There are photographers that have a ‘strictly no retouching’ policy when it comes to their work. However, every now and then we find that we can enhance our images and make them better with a slight touch of Photoshop.
Photoshop is like a photographer’s best friend. Sometimes images don’t live up to your expectations and guess what? You can alter even your most underwhelming shots to make them look spectacular. Our collection consists of 11 Photoshop editing tutorials that will help you make the most of your artistic creations.
Andreas Danzer is one photographer that spends a lot of time with Photoshop. He beautifully alters his photographs to add a creative spin to his works. Andreas’s work is a great example that illustrates how playing around with your photographs can result in amazing outcomes.
1. Color correction
When you start working with an image, there are a few adjustments that are simply necessary. Here is another great resource on touching up colors in your photographs.
2. Creating an HDR image
Remember that it’s always best to shoot in RAW format. That way, you have more room for experimentation in the post-processing stage.
3. Cleaning up backgrounds
You can attempt at shooting against the cleanest backgrounds but even then it can be tough to get the colors and the gradient right. This tutorial helps you deal with the most complex background issues.
4. Haze effect
To make your pictures more dreamy, try adding a haze effect.
5. Adding light leaks
Light streaks are becoming a popular trend in photography. Experiment with your otherwise ordinary shots and add a unique filter to make your photographs stand out.
6. Skin retouching
Even under the best studio lighting environments, skin can look flushed, blemished or simply discolored. Here’s a tutorial to get rid of the little imperfections and achieve a more even skin tone.
7. Changing backgrounds
You can have the perfect shot with an distracting and unfitting background. Easily remove it with this quick tutorial.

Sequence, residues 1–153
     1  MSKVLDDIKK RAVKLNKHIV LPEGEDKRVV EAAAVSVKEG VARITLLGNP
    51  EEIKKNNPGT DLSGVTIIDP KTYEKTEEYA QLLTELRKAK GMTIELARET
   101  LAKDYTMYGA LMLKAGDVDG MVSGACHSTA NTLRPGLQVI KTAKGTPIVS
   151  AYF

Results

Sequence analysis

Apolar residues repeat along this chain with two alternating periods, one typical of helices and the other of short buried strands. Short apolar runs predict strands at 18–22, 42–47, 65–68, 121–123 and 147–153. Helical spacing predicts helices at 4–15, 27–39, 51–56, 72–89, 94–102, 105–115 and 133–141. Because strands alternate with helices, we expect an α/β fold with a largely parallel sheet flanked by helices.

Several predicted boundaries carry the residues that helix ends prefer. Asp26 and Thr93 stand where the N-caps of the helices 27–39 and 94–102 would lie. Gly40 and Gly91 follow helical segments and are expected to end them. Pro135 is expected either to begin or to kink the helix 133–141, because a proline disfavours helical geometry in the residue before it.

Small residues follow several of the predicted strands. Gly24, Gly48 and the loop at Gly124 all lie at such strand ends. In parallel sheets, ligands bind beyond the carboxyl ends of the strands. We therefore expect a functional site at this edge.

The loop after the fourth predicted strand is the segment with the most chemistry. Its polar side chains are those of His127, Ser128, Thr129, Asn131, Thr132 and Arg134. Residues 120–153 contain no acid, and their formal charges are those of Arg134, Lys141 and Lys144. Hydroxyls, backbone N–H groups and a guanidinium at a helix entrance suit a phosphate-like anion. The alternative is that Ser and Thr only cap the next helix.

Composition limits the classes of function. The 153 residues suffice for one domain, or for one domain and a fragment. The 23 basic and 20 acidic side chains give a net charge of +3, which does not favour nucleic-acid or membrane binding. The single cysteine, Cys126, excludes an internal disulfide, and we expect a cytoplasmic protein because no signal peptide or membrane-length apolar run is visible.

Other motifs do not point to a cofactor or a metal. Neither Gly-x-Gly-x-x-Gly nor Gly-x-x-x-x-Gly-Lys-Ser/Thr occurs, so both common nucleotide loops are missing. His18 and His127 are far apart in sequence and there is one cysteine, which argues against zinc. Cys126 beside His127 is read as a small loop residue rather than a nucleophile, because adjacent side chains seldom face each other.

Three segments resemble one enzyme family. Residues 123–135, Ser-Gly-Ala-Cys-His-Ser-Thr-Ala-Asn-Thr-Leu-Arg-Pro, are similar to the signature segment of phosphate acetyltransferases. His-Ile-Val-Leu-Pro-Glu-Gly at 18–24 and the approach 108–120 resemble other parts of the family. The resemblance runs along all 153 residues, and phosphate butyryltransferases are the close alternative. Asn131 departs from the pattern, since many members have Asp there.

8. Sharpening images
The one effect photographers turn to most often is sharper images. Your camera can be slightly out of focus on the details but don’t stress it because it can be easily adjusted.
9. Removing people from backgrounds
A more complex process is removing unwanted things from backgrounds. This tutorial helps you achieve the impossible with a surprisingly simple solution.
10. How to create a cinemagraph
Sometimes the missing element in the perfect shot is movement. Learn to turn your photographs into cinemagraphs.
11. Double exposure
If you want to experiment with combining your shots, try this double exposure tutorial.
Photo editing advice from Andreas Danzer
Andreas shares with us that to edit, you don’t have to submerse yourself in complex tutorials. What’s important is that you have passion and that you love what you do. If you’re determined to step it up a notch with your photographs, experiment and let your heart guide you. It is only though doing things that you will learn to master the art of editing.
If you want to start editing your photos in Lightroom or Photoshop, here are some tips form Andreas:
– Take photographs inn RAW and not JPEG
– Start playing around with the standard adjustments like temperature, tone, exposure, contrast, brightness, whites/blacks, lights/shadows, saturation/dynamic and clarity. These adjustments will already deliver quite a big change to your photos.
– Find a workflow that you feel comfortable with – in my case I start with LR for general adjustments, color grading and basic corrections, then I import them to PS for further adjustments (For instance I like working with different layers).
– Learn to use the composite modes/blend modes in PS and how to use a mask.
– You can use layers and blend modes in many different ways. You can add a lot of depth to you photos – just try it and you will have fun exploring new ways to create your own style of image.
– Here’s an example: You have a photo of a beautiful landscape and you face a general problem: Either the sky is too light or the scape itself is too dark. So what you can do is the following – create a virtual copy in Lightroom. Now you have the same photo 2 times. Edit one version in a way that the sky looks as you wish and you do the same with the other version just with the difference that you focus on the scape itself. Now you import both versions to Photoshop into one project. Now you have 2 layers. Layer 1: “Scape” and layer 2: “Sky” – add a mask to layer 2 and just erase the part that is too dark (you can also use a gradient with a smooth transition for that). Now you have a bright sky AND a bright scape.
The post-processing stage of photoshoots is exciting. Try out Andrea’s advice and see the difference you can make to your photogrpahs. There is always a way to perfect your shots and make them stand out.
What are some of your favourite tutorials? Share your favourite tutorials in the comments section below.
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